British Columbia

Vancouver drivers now need to slow to 30 km/h in school zones, around the clock

Vancouver city council approved measures this week to slow traffic near schools and playgrounds by setting the speed limit at 30 km/h all day, every day.

City will also create 'slow-zone' in East Vancouver's Grandview-Woodland neighbourhood

Vancouver city council voted this week to make school, playground zone speed limits 30 km/h effective 24 hours a day. (CBC)

The City of Vancouver is moving ahead with plans to make residential streets safer by implementing 30 km/h zones around schools and playgrounds for all hours of the day. 

It will also create a "slow zone" in the Grandview-Woodland neighbourhood in East Vancouver.

Traffic calming measures have already been introduced in the area that is bound by Clark Drive, 1st Avenue, Commercial Drive and Grandview Highway North. Now the city will test an official speed-limit reduction by posting signs to let drivers know that the speed limit is 30 km/h.

All Vancouver streets have speed limits of 50 km/h under the Motor Vehicle Act unless otherwise posted, however, the city has been considering a blanket reduction in speed limits on local streets.

New slow-zone in the East Vancouver neighbourhood of Grandview-Woodland where the speed limit will be 30 km/h. (City of Vancouver)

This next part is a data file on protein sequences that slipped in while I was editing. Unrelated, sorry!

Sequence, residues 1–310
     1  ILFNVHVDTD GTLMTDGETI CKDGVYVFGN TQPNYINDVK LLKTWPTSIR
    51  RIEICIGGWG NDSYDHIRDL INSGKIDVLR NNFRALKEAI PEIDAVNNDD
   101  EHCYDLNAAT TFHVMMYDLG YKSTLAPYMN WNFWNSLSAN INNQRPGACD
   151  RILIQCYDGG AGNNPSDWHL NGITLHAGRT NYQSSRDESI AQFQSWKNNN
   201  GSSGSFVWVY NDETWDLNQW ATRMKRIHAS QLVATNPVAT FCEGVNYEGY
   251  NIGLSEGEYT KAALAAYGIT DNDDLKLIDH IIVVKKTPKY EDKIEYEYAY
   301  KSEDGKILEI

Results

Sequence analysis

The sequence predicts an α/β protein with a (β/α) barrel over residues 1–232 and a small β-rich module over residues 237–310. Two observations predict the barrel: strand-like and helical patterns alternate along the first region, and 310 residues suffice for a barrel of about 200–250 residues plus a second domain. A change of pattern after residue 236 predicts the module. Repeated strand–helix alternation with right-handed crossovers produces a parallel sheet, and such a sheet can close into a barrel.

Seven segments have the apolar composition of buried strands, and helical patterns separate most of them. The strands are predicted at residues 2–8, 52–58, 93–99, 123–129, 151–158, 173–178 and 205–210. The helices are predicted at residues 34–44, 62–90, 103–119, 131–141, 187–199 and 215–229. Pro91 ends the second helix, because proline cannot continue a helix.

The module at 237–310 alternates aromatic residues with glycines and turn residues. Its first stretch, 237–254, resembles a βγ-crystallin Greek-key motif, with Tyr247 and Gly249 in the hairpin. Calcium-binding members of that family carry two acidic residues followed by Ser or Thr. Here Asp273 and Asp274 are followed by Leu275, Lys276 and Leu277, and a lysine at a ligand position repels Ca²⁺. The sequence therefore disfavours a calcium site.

In the past, school zones speed reductions have been limited to 8 a.m. to 5 p.m. on school days.

Longtime Grandview-Woodland community activist Jak King said promoting slower traffic on streets in the neighbourhood allows people to feel safer using other modes of transportation.

"We see a lot of cycling in the neighborhood and we've put in quite a few bike lanes and bike diversions to do that already. I think we'll see more of that. It seems to be a fairly fit neighborhood so why not?"

He said the changes are welcome since there have been concerns in the neighbourhood due to plans to remove the viaducts which connect eastern neighbourhoods to the downtown core. They expect that could lead to more vehicle traffic on residential streets in the future.

City council also approved the development of a pilot program with the B.C. government to reduce speed limits on local streets so that privately owned mobility devices could be used including e-scooters and electric monowheels which are one-wheeled machines similar to unicycle. The devices are illegal on Vancouver streets, but could be used on protected bike lanes and local streets during the test project.

 

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